74LS47N

74LS47N BCD-to-7-segment-decoder

In the last tutorial we used a 7-segment display and connected this with our Arduino Uno directly. To do this, we used 8 wires. It’s a lot!
There are two things we want to change now. First, we reduce the number of wires to communicate with the Arduino. And second, we “talk” with it binary!
We use the IC 74LS47N. This circuit is a binary-to-decimal to 7-segment decoder. It has two task: translate a binary input in a decimal output and prepare the output to connect a 7-segment display directly.
The input is a digit in binary format, i.e. the input is “5”, we send “0101” to the IC. As the result are the pins a, f, g,c and d active and we will see “5” at the 7-segment-display.

The advantage to use the 74LS47N is, we need only 4 wires for the input, no more. And, we can reduce our array to store the different values.

Task:

Control a 7-segment Display by using the IC 74LS47N!

In this tutorial, I use an 7-segment display with common anode:

The circuit:

1.4.1 BCD to 7-segment

I think, my own draft is better than the “fritzing draft” for understanding, so I show you both.

2014-01-12 14.28.06

74LS47N:
We have 4 pins for data input and 7 pins for data output. Ground and Vcc. The remaining 3 pins are not in use in this tutorial. Necessary only to connect this pins to Vcc.  For more informations please look at the datasheet for the 74LS47N!

Attention! The output pins are active LOW! Therefore we must use an 7-segment display with a common anode!
You can identify the active LOW state at the negate letters. Simplified you can say, if an output pin is active, there is GND at this pin.

For this tutorial, wee need the following components:

  • SA56-11GMA (common anode, green) or similar
  • 7x resistors (min. 150 ohm), I use 270 ohm

Here is the wiring diagram:

1.4.1 BCD to 7-segment-circuit

The Arduino sketch:

/*
BCD to 7-segment-display
playground2014.wordpress.com
*/

int dtime;
byte ziffer[11][4] = { { 0,0,0,0 }, // = 0
                       { 0,0,0,1 }, // = 1
                       { 0,0,1,0 }, // = 2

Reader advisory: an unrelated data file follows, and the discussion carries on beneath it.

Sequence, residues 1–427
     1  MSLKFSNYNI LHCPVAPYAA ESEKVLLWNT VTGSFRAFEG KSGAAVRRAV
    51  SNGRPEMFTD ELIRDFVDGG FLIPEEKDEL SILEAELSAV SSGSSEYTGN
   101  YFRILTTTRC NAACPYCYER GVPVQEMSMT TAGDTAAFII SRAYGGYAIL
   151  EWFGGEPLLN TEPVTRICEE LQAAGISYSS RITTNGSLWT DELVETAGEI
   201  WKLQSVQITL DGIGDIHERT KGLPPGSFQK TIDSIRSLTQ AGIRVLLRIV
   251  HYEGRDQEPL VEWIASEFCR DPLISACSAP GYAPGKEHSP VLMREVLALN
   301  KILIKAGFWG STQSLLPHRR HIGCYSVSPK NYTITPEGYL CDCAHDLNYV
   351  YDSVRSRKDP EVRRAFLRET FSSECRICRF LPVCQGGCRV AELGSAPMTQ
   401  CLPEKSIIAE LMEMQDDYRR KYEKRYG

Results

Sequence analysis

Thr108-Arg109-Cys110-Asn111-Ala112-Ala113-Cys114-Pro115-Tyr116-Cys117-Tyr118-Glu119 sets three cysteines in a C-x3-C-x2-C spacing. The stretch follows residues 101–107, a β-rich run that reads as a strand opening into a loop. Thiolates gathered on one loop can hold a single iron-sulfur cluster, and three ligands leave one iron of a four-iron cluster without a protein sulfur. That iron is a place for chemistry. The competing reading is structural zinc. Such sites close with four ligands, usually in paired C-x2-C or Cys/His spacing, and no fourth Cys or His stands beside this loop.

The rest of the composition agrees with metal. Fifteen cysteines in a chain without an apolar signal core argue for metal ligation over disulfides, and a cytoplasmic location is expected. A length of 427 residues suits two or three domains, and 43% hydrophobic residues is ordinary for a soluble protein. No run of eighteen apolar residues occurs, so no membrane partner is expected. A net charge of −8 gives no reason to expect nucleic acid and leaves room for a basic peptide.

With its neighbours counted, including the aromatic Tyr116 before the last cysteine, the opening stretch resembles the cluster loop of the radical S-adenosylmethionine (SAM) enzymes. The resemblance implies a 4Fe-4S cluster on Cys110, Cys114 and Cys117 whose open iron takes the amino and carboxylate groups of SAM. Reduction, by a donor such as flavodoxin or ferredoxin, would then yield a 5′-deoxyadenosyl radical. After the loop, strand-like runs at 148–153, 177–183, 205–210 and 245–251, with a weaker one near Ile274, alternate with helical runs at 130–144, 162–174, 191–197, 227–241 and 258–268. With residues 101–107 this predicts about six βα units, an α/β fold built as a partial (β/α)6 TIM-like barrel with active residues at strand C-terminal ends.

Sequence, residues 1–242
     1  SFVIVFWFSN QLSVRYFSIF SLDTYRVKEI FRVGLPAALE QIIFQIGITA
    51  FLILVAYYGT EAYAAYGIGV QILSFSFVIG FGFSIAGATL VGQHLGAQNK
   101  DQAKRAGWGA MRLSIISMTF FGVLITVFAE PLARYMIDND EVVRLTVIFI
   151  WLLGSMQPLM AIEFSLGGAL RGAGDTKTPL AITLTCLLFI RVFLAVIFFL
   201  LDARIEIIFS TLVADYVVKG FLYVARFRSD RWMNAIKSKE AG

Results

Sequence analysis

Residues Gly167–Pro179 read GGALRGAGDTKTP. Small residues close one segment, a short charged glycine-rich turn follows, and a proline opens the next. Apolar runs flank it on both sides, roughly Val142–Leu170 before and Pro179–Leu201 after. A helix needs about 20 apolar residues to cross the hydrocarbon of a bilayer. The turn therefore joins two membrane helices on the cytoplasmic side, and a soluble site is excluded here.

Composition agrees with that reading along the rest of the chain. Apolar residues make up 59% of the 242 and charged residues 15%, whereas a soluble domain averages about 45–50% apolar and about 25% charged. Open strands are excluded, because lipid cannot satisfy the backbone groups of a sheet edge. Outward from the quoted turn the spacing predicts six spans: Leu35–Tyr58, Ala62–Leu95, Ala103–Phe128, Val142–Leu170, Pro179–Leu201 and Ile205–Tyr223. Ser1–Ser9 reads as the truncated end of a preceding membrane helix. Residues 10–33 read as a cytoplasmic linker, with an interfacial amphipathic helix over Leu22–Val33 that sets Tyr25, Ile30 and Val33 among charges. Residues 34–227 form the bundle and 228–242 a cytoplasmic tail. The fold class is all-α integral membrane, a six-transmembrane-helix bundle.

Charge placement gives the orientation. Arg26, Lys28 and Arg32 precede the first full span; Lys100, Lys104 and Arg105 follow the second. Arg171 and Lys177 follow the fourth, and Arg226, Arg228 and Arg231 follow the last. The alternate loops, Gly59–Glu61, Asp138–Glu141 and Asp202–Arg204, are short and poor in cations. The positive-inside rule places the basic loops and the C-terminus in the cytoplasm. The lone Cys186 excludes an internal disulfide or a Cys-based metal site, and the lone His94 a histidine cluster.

{ 0,0,1,1 }, // = 3
                       { 0,1,0,0 }, // = 4
                       { 0,1,0,1 }, // = 5
                       { 0,1,1,0 }, // = 6
                       { 0,1,1,1 }, // = 7
                       { 1,0,0,0 }, // = 8
                       { 1,0,0,1 }, // = 9
                       { 1,1,1,1 }  // = define as off - more information refer the datasheet 74LS47N
                     };

void setup() {
  pinMode(2, OUTPUT);
  pinMode(3, OUTPUT);
  pinMode(4, OUTPUT);
  pinMode(5, OUTPUT);

  digitalWrite(2, 1);
  digitalWrite(3, 1);
  digitalWrite(4, 1);
  digitalWrite(5, 1);
  delay(2000);
}

void ziffer_schreiben(byte digit) {
  digitalWrite(2,ziffer[digit][3]);
  digitalWrite(3,ziffer[digit][2]);
  digitalWrite(4,ziffer[digit][1]);
  digitalWrite(5,ziffer[digit][0]);
}

void loop() {
  dtime=700 ;
  for (int i=0; i<=9; ++i) {
    ziffer_schreiben(i) ;
    delay(dtime);
  }

  dtime=300 ;
  for (int i=8; i>=0; --i) {
    ziffer_schreiben(i) ;
    delay(dtime);
  }
}

We use (define) a function to set a digit. We start the function with the digit, which we want to see. The digit number and the row numer in our array are the same. The loop pick up each value from the array and send the correct value with digitalWrite to the related pin.

void setup() { … }
We define the direction – we use all pins as output pins.
void loop() { … }
The first part used a loop to count up to 9, starting with 0. The other loop counts down until 0. In both loop a use a different delay. It’s a little bit easier to store the delay value in a variable and to play with it.

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